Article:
So there’s a bottle of apple juice in your pantry for quite some time now. You bought it two years ago and put it into a cabinet in the pantry, only to forget about it a few minutes later.
You decided to do some spring cleaning and noticed it’s still there, a month past the date on the label. Does apple juice go bad?
Or you put a half-open container of apple juice in the fridge a few days ago. Now you’re not quite sure if it’s okay to drink it. You don’t want it to go to waste, but at the same time, you don’t want to get sick from drinking it. What should you do?
If either of those sounds familiar, or you simply want to learn about storage, shelf life, and going bad of apple juice, you want to read this article.
How to Store Apple Juice
You should store apple juice the same way you store other juices, like orange or tomato juice.
That means that a bottle or cardboard carton of apple juice sold unrefrigerated should sit in a cool and dark place. Keep it away from sources of heat, and if it’s a bottle, make sure it’s away from light. That’s because both temperature fluctuations and light can affect the juice negatively.
The best place to store unopened apple juice is probably the pantry, but a cupboard in the kitchen will do just fine too.
Once you open the bottle or container, first and foremost you should remember to keep it sealed tightly. If it cannot be easily sealed, pour the juice into another bottle or an airtight container. Also, make sure you keep the liquid in the fridge.
If you make your own apple juice, or you bought a container sold in the refrigerated section, you should always keep it in the fridge, plain and simple.
If you can’t use all the leftover apple juice within a few days, freezing it is an option. Frozen and thawed apple juice might not be the tastiest beverage on its own, but a few cubes of frozen juice added to a glass of water on a hot day can do wonders. That’s why I recommend you should freeze juices in an ice cube tray.
In short, you should store an unopened container of apple juice the same way it was stored in the store, and transfer it into the fridge once you open it.
How Long Does Apple Juice Last?
Once again, let’s start with the apple juice sold unrefrigerated. Such juice usually comes with a best-by date, which informs you how long the liquid should retain its freshness.
That’s a fairly conservative estimate, and the juice in an unopened container will last at least a few months longer. It’s impossible to say precisely how long will it keep its quality, but you can assume it’s at least 3 to 6 months.
Once you open the bottle, the juice should remain fresh for 10 days up to even 3 weeks. As usual, it depends on both the quality of the juice and how you store it.
When it comes to the apple juice sold refrigerated, it usually has a use-by date on the label. Since it requires refrigeration, it won’t last forever past that date. You can safely assume that in most situations it will retain freshness for a few days past the date on the package, but that’s it.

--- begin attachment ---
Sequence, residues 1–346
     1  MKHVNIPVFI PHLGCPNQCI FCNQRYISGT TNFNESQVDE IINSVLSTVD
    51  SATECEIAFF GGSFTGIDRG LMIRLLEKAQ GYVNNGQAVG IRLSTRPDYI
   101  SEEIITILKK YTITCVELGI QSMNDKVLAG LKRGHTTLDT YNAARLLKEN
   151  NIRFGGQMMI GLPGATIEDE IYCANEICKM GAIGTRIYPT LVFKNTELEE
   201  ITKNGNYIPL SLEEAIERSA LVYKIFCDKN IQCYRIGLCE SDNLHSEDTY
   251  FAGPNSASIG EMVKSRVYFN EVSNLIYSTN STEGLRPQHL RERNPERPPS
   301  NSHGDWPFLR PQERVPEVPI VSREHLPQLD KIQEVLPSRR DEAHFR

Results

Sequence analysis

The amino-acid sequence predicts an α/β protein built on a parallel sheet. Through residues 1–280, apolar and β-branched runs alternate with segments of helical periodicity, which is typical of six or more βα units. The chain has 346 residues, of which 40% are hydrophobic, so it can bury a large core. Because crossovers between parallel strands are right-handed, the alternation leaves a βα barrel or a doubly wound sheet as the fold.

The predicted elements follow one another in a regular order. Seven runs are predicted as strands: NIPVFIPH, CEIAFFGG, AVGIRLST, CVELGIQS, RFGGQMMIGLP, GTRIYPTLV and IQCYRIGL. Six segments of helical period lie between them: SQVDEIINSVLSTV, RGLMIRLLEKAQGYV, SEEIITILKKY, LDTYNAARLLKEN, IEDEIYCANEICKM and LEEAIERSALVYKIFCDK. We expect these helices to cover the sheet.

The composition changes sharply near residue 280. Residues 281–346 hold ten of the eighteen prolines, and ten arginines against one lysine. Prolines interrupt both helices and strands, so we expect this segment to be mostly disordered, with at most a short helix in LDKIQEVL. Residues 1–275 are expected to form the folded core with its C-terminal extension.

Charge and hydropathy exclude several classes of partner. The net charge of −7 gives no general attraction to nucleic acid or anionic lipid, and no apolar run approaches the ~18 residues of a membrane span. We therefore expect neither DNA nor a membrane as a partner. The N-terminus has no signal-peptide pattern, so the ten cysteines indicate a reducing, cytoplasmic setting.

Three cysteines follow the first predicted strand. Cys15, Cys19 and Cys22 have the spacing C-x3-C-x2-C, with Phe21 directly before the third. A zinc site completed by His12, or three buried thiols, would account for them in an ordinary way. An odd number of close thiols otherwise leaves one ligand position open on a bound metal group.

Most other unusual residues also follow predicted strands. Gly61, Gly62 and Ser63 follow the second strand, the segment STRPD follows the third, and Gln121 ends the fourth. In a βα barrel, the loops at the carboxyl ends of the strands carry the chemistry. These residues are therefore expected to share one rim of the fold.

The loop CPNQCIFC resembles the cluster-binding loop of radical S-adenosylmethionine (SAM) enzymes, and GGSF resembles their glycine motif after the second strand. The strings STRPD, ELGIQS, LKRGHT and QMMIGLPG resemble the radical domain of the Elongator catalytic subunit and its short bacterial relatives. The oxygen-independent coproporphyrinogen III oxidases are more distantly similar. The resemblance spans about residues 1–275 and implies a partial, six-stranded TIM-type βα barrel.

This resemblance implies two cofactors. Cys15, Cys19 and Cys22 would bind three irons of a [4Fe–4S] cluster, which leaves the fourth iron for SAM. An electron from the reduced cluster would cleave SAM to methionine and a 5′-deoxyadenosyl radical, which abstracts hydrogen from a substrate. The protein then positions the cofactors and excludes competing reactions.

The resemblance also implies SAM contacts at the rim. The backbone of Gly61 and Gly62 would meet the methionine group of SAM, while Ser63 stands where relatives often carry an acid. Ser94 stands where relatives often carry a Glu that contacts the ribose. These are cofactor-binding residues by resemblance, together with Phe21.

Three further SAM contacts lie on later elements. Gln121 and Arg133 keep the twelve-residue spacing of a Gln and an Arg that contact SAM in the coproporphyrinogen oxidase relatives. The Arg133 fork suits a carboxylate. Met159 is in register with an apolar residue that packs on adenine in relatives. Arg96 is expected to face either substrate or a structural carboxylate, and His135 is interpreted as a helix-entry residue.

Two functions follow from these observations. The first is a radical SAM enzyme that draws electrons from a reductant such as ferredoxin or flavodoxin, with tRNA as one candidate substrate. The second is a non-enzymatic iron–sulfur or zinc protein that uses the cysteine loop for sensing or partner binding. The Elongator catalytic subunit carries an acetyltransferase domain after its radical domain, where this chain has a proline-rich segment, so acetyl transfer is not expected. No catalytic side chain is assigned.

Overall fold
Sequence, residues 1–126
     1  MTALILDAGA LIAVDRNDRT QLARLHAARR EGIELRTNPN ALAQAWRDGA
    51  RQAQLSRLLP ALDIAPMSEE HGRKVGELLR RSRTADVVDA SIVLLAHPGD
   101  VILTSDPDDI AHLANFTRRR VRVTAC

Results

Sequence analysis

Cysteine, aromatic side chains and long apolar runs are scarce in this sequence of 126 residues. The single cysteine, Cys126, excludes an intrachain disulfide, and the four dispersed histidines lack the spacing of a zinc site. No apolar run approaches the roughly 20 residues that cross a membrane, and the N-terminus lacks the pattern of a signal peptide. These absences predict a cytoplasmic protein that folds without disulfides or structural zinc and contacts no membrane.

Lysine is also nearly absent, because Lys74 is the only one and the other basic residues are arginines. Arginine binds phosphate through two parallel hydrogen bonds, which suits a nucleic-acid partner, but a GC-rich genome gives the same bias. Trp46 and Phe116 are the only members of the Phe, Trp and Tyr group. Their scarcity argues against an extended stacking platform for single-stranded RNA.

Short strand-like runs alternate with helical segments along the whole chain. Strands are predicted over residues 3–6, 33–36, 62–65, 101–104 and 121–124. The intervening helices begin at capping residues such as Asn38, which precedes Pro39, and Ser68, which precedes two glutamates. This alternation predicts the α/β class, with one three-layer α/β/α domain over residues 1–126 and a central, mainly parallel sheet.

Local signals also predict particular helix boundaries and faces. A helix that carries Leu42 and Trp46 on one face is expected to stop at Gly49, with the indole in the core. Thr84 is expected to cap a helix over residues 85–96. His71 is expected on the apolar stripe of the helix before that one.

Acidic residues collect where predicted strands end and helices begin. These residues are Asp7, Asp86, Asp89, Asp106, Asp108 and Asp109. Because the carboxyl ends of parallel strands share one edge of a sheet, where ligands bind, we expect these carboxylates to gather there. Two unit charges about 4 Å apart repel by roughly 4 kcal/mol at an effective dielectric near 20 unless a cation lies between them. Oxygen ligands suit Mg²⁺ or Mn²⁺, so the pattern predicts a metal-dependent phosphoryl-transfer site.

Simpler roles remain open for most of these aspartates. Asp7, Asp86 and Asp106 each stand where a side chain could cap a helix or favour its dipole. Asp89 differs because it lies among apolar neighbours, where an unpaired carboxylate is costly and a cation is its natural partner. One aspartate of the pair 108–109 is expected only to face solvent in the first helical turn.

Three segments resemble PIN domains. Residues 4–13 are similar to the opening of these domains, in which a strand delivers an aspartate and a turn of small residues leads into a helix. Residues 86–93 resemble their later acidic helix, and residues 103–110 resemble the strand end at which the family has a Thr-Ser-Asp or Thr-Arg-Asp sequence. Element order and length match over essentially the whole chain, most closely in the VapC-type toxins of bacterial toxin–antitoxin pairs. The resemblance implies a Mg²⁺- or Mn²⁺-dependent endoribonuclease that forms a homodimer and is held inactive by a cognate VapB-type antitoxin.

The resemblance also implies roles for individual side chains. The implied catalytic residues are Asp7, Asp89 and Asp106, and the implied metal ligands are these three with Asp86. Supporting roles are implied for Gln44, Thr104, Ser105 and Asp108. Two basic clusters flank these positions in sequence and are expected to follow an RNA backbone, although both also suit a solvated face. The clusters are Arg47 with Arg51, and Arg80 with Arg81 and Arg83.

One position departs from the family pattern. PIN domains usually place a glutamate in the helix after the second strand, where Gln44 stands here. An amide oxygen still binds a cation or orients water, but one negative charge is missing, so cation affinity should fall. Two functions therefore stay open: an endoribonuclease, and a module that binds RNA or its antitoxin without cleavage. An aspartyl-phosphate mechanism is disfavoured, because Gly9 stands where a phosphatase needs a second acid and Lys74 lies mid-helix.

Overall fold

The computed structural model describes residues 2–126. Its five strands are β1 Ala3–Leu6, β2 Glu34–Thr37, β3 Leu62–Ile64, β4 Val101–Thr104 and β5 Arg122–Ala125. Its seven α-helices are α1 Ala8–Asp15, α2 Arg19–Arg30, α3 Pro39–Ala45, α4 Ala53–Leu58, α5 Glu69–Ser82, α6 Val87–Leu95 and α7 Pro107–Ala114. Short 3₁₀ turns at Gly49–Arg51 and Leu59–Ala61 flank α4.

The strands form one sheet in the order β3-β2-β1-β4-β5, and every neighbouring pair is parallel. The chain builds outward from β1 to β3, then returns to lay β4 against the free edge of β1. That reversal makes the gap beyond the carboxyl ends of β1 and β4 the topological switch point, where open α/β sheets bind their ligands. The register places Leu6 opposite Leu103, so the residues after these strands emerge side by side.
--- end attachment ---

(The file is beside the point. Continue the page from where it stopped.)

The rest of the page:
Once you open the container, you should finish or freeze the liquid within 7 to 10 days.
For homemade apple juice, it’s best to drink it the same day you prepare it. But if that’s not possible, it can safely sit in the fridge for like 3 to 5 days. That said, apples last quite some time in the fridge, so they can wait until you’re ready to drink the juice.
(Similar guidelines apply to other juices, like orange juice (here’s how long orange juice lasts) and so on.)
|Apple juice sold unrefrigerated (unopened)||Best by + 3 – 6 months|
|Apple juice sold unrefrigerated (opened)||2 – 3 weeks|
|Apple juice sold refrigerated (unopened)||Use-by + 3 – 5 days|
|Apple juice sold refrigerated (opened)||7 – 10 days|
|Homemade apple juice||3 – 5 days|
Please note that the dates above are estimates and for best quality.
How To Tell If Apple Juice Is Bad
Like other juices, the quality of apple juice degrades before it actually goes bad. The signs of that include slight changes in smell and taste.
In short, the juice is good enough to drink but not as good as it was right after opening the container. At one point you might find the juice is no longer palatable. That’s a sure sign it’s past its prime, and it’s time to discard it.
When it comes to going bad, the most common sign of bad apple juice is a sour smell. If the juice smells more like vinegar than fruit juice, get rid of it. Same thing if you notice any mold, changes of color, of it smells off. All in all, the sniff test is a quite reliable way of determining if apple juice is still safe to drink.
Last but not least, keep an eye on dates. If an unopened juice is 2 years past the date on the label, it’s probably better to throw it out. Same thing if you store an opened one for more than 3 weeks in the fridge. Or a homemade one more than a week.